Necrosectomy procedures are performed in patients with severe acute pancreatitis and infected necrosis. To date, necrosectomy is used a last resort, after failure of less invasive techniques (such as percutaneous drainage of pancreatic necrosis). This “step-up” approach has proven to be superior to the “step-down” approach in which open necrosectomy plays a primary role, with less invasive methods used for residual or subsequent collections.
The principle of necrosectomy is minimization of injury to viable tissues and maximization of postoperative removal of exudative fluid and extravasated pancreatic exocrine secretions from the operative bed. It may be a very difficult procedure, associated with an increased risk of bleeding.
Open necrosectomy is traditionally performed via a midline or a subcostal laparotomy. Once the focus of necrosis is exposed, debridement is carried out bluntly. After all loose debris has been removed, the retroperitoneal cavity is irrigated with normal saline solution. After necrosectomy, four different techniques are used to provide exit channels for further slough and infected debris:
- Open packing (The abdomen is left open, continuous reoperations with open lavage of necrotic areas are performed)
- Planned staged relaparotomies with repeated lavage (The abdomen is closed, continuous relaparotomies with open lavage of necrotic areas are performed)
- Closed continuous lavage of the lesser sac and retroperitoneum (the abdomen is closed over drains for contained postoperative lavage of the lesser sac and involved retroperitoneum)
- Closed packing (the abdomen is closed, reabsorbable sponges are used for packing)
Prof. Perderzoli and Prof. Bassi from Verona were among the first to describe in 1990 the procedure of open necrosectomy with continuous lavage of the lesser sac and retroperitoneum (Figure 1).
Figure 1. Open necrosectomy and continuous lavage of the lesser sac and retroperitoneum,
as described by Pederzoli and Bassi in 1990.
as described by Pederzoli and Bassi in 1990.
MINIMALLY INVASIVE NECROSECTOMY
Minimally invasive necrosectomy encompasses radiological, endoscopic and percutaneous techniques. Minimally invasive necrosectomy techniques had been initially proposed as an alternative to open necrosectomy, with the aim of reducing the surgical trauma. However, a number of studies showed that open necrosectomy often makes patients sicker and that outcome may be improved when necrosectomy is delayed or when it is used a last resort, after failure of minimally invasive techniques.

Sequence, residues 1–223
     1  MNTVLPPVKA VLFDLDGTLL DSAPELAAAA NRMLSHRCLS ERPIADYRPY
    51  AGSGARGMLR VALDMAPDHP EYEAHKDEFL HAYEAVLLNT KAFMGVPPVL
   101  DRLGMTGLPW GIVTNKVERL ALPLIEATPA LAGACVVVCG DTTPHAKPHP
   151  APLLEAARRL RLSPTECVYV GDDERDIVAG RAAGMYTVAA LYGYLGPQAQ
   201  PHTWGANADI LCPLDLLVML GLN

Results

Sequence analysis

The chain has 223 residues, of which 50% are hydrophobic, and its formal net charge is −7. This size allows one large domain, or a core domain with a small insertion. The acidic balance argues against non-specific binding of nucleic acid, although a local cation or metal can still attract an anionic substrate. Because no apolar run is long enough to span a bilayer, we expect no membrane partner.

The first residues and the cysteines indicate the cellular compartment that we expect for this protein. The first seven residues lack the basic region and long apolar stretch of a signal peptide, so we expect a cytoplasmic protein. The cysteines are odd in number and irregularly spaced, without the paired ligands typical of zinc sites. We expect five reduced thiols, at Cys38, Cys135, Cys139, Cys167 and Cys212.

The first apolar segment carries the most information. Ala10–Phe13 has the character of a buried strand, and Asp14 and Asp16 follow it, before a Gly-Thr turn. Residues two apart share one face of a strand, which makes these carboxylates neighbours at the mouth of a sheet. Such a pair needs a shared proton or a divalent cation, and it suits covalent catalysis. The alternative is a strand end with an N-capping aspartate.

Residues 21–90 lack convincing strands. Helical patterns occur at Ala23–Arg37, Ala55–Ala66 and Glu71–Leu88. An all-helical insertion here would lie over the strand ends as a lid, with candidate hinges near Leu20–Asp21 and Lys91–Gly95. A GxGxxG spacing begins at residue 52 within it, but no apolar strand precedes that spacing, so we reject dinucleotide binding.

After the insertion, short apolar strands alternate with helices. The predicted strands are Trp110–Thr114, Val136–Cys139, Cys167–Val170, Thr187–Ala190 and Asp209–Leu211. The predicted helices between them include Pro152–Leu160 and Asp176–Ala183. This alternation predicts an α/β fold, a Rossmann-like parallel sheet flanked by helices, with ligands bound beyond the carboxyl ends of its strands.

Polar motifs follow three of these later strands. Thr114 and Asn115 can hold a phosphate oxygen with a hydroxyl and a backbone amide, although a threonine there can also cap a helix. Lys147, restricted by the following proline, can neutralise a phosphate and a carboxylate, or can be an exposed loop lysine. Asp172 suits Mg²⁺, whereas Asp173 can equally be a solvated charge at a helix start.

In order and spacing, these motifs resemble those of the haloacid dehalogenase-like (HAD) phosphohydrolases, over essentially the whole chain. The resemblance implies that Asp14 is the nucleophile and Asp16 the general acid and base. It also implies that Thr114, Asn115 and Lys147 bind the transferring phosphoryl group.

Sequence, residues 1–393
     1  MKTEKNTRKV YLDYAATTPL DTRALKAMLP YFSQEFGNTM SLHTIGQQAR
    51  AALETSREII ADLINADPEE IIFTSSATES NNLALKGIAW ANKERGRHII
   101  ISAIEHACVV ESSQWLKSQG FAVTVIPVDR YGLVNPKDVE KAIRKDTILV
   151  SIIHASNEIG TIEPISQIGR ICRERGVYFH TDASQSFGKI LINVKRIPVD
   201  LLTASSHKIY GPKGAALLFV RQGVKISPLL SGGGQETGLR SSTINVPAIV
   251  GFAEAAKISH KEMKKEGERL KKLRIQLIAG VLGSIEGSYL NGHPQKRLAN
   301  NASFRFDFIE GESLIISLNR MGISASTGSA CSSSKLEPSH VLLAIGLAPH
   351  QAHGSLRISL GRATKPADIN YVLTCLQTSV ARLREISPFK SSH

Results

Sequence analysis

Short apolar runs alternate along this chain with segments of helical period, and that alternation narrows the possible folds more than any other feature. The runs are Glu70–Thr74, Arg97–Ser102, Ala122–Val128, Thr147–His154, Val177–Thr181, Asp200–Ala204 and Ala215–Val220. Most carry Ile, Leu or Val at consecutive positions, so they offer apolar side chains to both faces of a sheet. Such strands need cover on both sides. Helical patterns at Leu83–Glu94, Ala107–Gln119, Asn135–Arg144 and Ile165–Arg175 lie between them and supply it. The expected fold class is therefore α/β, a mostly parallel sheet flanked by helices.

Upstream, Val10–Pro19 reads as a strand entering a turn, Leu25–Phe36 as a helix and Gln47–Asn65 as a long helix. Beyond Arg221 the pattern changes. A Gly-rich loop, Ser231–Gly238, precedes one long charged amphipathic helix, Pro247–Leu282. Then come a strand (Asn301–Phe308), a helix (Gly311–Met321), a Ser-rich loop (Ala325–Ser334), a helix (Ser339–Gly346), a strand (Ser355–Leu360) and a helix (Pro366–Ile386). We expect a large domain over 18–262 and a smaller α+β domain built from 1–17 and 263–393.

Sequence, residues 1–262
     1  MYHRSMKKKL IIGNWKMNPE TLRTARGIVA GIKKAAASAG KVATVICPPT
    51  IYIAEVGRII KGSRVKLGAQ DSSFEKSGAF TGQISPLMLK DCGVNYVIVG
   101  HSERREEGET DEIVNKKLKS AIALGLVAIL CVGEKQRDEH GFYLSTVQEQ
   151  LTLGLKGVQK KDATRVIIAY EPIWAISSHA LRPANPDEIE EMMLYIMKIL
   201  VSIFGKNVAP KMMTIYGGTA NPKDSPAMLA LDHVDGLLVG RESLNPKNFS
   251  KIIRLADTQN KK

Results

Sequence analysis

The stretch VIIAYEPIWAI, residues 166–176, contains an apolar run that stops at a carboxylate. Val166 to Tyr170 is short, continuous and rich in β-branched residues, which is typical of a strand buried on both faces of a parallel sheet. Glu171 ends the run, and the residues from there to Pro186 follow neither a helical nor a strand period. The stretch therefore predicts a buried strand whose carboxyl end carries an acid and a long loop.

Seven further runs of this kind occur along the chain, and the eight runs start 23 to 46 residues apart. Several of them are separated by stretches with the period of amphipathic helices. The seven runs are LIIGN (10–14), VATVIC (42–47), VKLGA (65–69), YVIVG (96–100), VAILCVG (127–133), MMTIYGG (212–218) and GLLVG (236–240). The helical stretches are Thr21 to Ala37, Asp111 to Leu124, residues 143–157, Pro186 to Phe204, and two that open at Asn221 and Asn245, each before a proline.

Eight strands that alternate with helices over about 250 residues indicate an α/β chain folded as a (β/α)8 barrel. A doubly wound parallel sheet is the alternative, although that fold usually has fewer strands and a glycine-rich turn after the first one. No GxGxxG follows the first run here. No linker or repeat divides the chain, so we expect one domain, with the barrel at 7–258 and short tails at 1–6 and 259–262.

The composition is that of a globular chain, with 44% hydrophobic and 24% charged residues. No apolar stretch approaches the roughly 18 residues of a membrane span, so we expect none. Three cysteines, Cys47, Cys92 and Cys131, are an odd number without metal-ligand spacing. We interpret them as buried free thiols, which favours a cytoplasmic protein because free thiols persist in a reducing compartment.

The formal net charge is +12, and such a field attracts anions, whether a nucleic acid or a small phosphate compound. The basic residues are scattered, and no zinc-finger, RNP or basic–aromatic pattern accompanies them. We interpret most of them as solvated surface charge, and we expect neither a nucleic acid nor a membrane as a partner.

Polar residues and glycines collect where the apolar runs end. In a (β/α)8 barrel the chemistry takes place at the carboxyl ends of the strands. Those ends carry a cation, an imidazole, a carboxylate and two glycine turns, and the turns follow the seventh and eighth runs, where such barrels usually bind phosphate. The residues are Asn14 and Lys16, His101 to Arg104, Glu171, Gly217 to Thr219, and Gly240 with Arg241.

However, these results may be influenced by variation in expertise with minimally invasive techniques, and in the definitions of target lesions. Variations in the target lesions (location of necrosis, fluid/mixed/solid nature, early/late procedure, sterile/infected necrosis, single/multiple areas, wall thickness) and in the patients (co-morbidity, degree of organ dysfunction) require an individually tailored approach to the treatment of pancreatic necrosis.
As reported by Windsor, minimally invasive techniques can be classified by the type of scope used (flexible endoscope, laparoscope, nephroscope) and the route of access (transperitoneal, transgastric, retroperitoneal).
The two approaches that have risen to favour are the endoscopic transgastric and nephroscopic retroperitoneal routes.
Endoscopic transgastric necrosectomy involves include endoluminal ultrasonographically guided transgastric puncture of the necrotic area, balloon dilatation of the track, insertion of multiple stents, direct basket extraction of necrosum, and transpapillary stenting of the pancreatic duct. The endoscopic transgastric procedure avoids peritoneal contamination and external pancreatic fistula formation, but it may not be possible if there is no abutment of the lesion against the stomach or duodenal wall.
The nephroscopic retroperitoneal procedure has been advocated by the Glasgow group and appears now to be the most popular minimally invasive necrosectomy approach. The various techniques described may use a small retroperitoneal incision or rely on dilatation of a drain-track. The majority utilize contrast-computed tomography (CT) or image itensifier to guide the placement of small-calibre percutaneous drains into retroperitoneal collections. The drain-track is then dilated using the Seldinger technique and a nephroscope is placed into the cavity and semi-solid necrotic tissue removed piecemeal. This is achieved using various accessories, including biopsy forceps and baskets.